Rare Photographs From The Mexican-American War
On the 28th March, Taylor, without having met with the slightest opposition, planted his standard on the bank of the Rio Grande and placed a battery of eighteen pounders one the east bank of the Rio Grande, opposite Matamoros and started constructing a fort known as Fort Texas, later known as Fort Brown .The new Mexican president Mariano Paredes y Arrillaga was not intimidated by this show of force. He expelled the U.S. envoy from Mexico, declared his willingness to fight, and sent thousands of troops to the city of Matamoros. In April 1846, he appointed General Mariano Arista as commander of the Army of the North to fight the Americans.
Five days after our arms had thus threatened and insulted Metamoras, General Ampudia reached the city with reinforcements, and immediately addressed a letter to the American General, complaining that his advance to the Rio Grande had ' not only insulted but exasperated the Mexican nation," and requiring him within twenty- four hours to remove his camp, and retire beyond the Nueces ; adding, '" If you insist on remaining upon the soil of the department of Tamaulipas, it will clearly result that arms, and arms alone, must decide the question." As Taylor had been sent to Tamaulipas expressly to produce this very result, he took occasion of this letter to hasten the desired crisis.He therefore resorted to an expedient which would compel Ampudia to fire the first shot, and thus, according to the wishes of the Cabinet, to make the intended war, one of defence, "a war by the act of Mexico." There were two American armed vessels at Brazos Santiago, and these he ordered to blockade the mouth of the Rio Grande, thus cutting off all communication with Metamoras by sea. " It will at any rate compel the Mexicans to withdraw their army from Metamoras where it cannot be sustained, or to assume the offensive on this side of the river."
Notwithstanding the blockade, the Mexicans did not attack Taylor ; whereupon he determined, it seems, not to remain any longer idle. Accordingly, the very day on which' he informs the Secretary that the relations between himself and the Mexicans remained the same, and when not a single shot had been fired by the latter, he reports, " with a view to check the depredations of small parties of the enemy on this side of the river, Lieutenants Dobbins of the 3d Infantry, and Porter, 4th Infantry, were authorized by me a few days since to scour the country for some miles with a select party of men, and capture and destroy any such parties that they might meet. It appears they separated, and that Lieutenant Porter at the head of his own detachment surprised a Mexican camp, drove away the men, and took possession of their horses." In this affair, Pofter and one man was killed whether any, or how many Mexican lives were sacrificed, does not appear .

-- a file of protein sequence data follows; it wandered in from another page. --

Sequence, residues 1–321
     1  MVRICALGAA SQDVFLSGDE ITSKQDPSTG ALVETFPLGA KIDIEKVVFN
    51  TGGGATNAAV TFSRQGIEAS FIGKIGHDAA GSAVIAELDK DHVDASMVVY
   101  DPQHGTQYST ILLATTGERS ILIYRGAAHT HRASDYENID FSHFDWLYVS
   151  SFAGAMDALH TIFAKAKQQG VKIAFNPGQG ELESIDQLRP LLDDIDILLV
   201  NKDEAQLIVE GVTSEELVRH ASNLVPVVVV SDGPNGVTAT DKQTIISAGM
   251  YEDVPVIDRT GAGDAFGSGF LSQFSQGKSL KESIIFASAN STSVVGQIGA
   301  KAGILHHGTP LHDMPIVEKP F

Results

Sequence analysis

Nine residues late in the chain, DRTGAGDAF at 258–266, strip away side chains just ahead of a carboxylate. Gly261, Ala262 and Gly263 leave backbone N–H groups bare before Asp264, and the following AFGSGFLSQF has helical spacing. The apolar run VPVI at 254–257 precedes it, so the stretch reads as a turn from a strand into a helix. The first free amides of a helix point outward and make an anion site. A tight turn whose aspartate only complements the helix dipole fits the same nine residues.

His next letter of 26th April, reports, on April 24 , what was to be known as the Thornton Affair occurred which gave Polk his cause for war . Taylor wrote "that a party of dragoons sent out by me on the 24th instant to watch the course of the river above on this bank, , ' engaged with a very large force of the enemy, and, after a short affair in which some sixteen were killed and wounded, appear to have been surrounded and compelled to surrender."
It appears that Captain Seth Thornton the commander of the party of with 70 dragoons , acting on the advice of a local guide , investigated an abandoned hacienda, discovered a small body of Mexicans on the summit of a rising ground, about 25 miles from the U.S. camp . He immediately charged upon them ;" but the main body of about 2,000 Mexican soldiers under the command of Colonel Anastasio Torrejon were on the other side of the hill, and therefore unseen, coming up captured the assailants after a battle of a few hours. Another letter, published in the Philadelphia Inquirer , says, " 16 Americans, including Captain Seth Thornton were killed and an unknown number of Mexicans were killed .49 Americans were taken prisoner and held at Matamoros, Tamaulipas.
General Taylor, after mentioning the affair in the words we have given, announces to the Cabinet the attainment of the long desired result. " Hostilities may now be CONSIDERED AS COMMENCED." Upon the Strength of this despatch, the President announced to Congress and the world, " Mexico has passed the boundary of the United States, has invaded our territory and shed American blood upon the American soil. On May 13, 1846, Congress declared war on Mexico, despite protests by the Mexican government . Mexico officially declared war on July 7 .
President James Polk: Mexican–American War Speech
Listen to and read President James Polk’s U.S. - Mexican War message to the U.S. Congress on May 11, 1846. In this speech, Mr. Polk explained why the United States should declare war upon Mexico.